|Welcome and Remarks by Kati Marton, 2007 Gala Emcee & IWHC Board Chair|
Invest in Women. Invest in the World.
Good evening ladies and gentlemen. I'm delighted to welcome so many new and old friends to celebrate the Coalition and two of our most admired and beloved men.
Tonight we honor two real heroes—Jan Egeland and Allan Rosenfield. Indeed, Mayor Bloomberg has declared today "International Women's Health Coalition Day," and praised Jan and Allan for "advancing the health and human rights of people everywhere and building a better world for us all."
I want to thank each and every one of you as well for helping us to exceed all of our prior records in going well past $1 million. We would also like to thank our farsighted corporate sponsors. These are corporations that understand that when you invest in women, you invest in the world. The De Beers Group deserves special recognition from us. They are our first ever Gala underwriter. In particular, we thank Chairman Nicky Oppenheimer for lending his very personal support to our cause. Richard and I have made a number of trips to South Africa and each time we have been deeply impressed by the civic responsibility of the De Beers Group towards its employees in the terrible global fight against HIV. You will hear more about De Beers' important work and their commitment to women and girls later in the program.
First, if I may, as I'm beginning my fifth and final year as Chair, I just want to say a couple of words about why I am so proud to be associated with this Coalition and to have served as Chair these five years.
Quite simply, the Coalition sets out to find brave, savvy women working to improve their own communities—women who are almost always overlooked by the big world institutions. We listen to their needs and we try to give them all the support that we can-funding and technical expertise.
I am often asked by my friends, "What exactly does IWHC do?" Well, let me just list a few things that we do.
As part of our work we empower young women in Pakistan. We try to improve communications among married couples in Nigeria. We train midwives in Brazil—where I recently made a field trip with the Coalition. And I have seen both in Brazil and India, where I have also been, the true partnership that we form with women leaders in the field.
But our work isn't over when we get home, not at all. When we get home, whether it's to Washington or New York, we raise our voices for these women in the halls of Congress, at the World Bank, and in the United Nations.
Tonight, our partner, Monica Carrillo, has reminded you and reminded us of what IWHC is all about. Finding the Mónicas of the world, encouraging them, nurturing them, and then letting them fly. That is really at the core of our program.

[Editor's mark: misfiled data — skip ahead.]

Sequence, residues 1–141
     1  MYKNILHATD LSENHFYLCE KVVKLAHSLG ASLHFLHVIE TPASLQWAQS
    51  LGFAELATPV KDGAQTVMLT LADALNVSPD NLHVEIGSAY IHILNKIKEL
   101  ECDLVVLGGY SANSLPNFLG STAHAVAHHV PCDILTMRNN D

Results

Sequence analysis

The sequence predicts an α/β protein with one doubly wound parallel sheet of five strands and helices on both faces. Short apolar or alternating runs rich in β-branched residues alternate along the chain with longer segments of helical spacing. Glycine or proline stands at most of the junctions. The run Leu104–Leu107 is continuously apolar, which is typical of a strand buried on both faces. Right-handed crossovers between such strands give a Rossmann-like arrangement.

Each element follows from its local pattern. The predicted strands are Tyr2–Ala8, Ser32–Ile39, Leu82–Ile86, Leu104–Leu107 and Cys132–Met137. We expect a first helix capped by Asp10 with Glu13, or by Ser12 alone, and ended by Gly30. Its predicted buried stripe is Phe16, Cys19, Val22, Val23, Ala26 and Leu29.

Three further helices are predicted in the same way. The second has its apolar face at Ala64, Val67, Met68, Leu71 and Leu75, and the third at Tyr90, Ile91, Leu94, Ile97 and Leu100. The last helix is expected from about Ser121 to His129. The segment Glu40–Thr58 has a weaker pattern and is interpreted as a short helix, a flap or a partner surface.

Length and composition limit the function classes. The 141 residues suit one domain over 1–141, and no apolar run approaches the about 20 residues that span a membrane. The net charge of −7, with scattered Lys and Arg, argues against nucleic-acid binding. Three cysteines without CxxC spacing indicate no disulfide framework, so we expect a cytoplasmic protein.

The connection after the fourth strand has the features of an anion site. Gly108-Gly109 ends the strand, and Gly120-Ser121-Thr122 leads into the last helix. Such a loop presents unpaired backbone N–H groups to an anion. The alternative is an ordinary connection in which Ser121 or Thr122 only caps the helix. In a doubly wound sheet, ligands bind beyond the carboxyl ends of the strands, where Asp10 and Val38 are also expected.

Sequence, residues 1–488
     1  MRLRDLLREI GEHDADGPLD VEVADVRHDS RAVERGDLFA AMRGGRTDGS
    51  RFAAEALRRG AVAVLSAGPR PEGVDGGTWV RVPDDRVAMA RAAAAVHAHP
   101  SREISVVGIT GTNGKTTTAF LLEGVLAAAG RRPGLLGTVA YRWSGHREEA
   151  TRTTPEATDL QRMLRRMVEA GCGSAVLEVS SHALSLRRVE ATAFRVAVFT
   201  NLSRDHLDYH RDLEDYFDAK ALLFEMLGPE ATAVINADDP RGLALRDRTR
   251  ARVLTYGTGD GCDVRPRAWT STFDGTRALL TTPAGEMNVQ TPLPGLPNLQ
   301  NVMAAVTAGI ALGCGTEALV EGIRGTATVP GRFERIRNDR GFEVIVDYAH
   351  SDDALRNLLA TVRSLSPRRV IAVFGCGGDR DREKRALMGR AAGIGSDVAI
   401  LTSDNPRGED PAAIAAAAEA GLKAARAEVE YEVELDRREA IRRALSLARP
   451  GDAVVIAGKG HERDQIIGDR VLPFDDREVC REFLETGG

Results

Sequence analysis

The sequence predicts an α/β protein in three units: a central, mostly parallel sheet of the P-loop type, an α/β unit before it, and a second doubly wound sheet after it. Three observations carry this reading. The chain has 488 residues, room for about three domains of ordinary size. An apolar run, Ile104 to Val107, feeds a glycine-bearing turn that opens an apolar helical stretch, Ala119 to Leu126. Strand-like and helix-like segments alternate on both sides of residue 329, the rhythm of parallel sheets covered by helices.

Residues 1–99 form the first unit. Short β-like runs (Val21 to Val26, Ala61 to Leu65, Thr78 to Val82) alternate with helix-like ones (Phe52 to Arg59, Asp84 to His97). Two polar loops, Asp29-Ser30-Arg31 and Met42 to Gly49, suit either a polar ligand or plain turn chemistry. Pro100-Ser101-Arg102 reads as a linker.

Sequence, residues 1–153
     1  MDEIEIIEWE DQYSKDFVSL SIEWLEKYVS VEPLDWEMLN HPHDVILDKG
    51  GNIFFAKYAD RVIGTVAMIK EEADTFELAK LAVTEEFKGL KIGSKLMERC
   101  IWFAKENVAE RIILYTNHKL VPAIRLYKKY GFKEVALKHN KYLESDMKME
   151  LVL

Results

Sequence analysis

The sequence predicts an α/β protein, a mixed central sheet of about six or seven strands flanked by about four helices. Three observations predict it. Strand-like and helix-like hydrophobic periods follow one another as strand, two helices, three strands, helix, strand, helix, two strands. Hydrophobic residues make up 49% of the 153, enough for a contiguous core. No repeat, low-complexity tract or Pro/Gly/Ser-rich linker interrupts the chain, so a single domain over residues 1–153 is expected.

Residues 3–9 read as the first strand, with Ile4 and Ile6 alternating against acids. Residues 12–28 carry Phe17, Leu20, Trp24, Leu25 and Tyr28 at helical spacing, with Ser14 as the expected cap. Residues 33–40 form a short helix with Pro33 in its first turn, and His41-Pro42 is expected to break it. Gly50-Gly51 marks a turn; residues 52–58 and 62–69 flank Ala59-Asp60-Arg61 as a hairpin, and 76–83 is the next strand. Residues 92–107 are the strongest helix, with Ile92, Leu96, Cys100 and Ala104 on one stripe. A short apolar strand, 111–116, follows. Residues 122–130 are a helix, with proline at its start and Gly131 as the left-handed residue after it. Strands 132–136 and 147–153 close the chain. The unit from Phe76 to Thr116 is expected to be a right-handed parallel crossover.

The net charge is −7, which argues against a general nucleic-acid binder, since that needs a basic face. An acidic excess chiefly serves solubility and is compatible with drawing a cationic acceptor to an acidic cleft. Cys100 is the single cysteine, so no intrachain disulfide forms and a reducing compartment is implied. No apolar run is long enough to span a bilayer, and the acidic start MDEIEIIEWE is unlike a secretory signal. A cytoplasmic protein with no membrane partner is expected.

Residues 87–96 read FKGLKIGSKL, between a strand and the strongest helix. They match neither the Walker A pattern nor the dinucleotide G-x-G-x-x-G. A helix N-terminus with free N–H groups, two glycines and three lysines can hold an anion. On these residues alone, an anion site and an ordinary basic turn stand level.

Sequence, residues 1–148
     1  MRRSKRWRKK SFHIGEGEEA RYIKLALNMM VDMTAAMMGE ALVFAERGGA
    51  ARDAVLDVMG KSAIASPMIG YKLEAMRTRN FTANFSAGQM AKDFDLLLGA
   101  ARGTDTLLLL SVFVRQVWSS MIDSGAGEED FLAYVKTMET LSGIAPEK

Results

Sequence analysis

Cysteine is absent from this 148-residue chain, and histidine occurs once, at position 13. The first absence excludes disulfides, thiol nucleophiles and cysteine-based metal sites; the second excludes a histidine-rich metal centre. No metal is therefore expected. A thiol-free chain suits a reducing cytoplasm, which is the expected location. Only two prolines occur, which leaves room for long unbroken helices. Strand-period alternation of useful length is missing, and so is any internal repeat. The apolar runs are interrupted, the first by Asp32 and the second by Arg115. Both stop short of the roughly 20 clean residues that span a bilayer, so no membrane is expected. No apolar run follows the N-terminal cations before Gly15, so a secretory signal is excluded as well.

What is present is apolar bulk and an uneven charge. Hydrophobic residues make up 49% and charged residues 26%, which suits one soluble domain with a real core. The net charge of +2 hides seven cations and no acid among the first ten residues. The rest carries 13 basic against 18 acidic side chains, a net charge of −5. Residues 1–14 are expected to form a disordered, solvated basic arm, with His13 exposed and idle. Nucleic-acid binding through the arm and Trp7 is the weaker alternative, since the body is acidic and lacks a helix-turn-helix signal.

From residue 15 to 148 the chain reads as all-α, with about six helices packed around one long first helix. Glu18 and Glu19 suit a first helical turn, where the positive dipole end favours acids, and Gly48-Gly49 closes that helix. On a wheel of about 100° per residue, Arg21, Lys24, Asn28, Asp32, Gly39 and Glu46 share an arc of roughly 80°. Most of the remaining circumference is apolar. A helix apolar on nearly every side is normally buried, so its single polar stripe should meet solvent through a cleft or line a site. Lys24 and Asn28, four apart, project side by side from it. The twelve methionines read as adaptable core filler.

I realized that this fall when I traveled to a very remote corner of Brazil with Kate Bourne and Denise Hirao. We were part of a program teaching midwives in a section of Brazil where there are no doctors. What I will always remember about that day, in this remote little village, was the joy of working and being with women from such a different world and feeling like we really were partners-and that we really could make a difference together.
Once a few decades ago we asked our parents, "What did you do in the war?" Well, our children will be asking us, "What did you do during the HIV pandemic? What did you do when half a million women were needlessly dying in childbirth? What did you do to fight against rape as a routine weapon of war?"
Well, you have heard Mónica's answer to those questions. We know that there are Mónicas all over the world that we are yet to find. Women leaders who just simply refuse to accept that this is the way things must be.
The Coalition's role for over two decades now has been to find and invest in these young women. As the problems before us grow, our response to these overwhelming problems also has to grow. We can't do it without your support—I really feel that support tonight, and I'm just deeply grateful.
But in addition to this wonderful evening, we're doing something that we've never done before at IWHC. We're launching our first ever Annual Fund campaign to raise a million dollars and we set ourselves a very definite deadline: by March 8th, which is International Women's Day, we hope to reach $300,000 of that million dollars. We hope that day, at an event we are co-sponsoring with our friend Glamour magazine, we will have something to celebrate. Of course, we can't do it without your help.
So thank you so much for being here, for being with us to share in a cause, which I know all of you already share in. I thank you and God bless. Good night.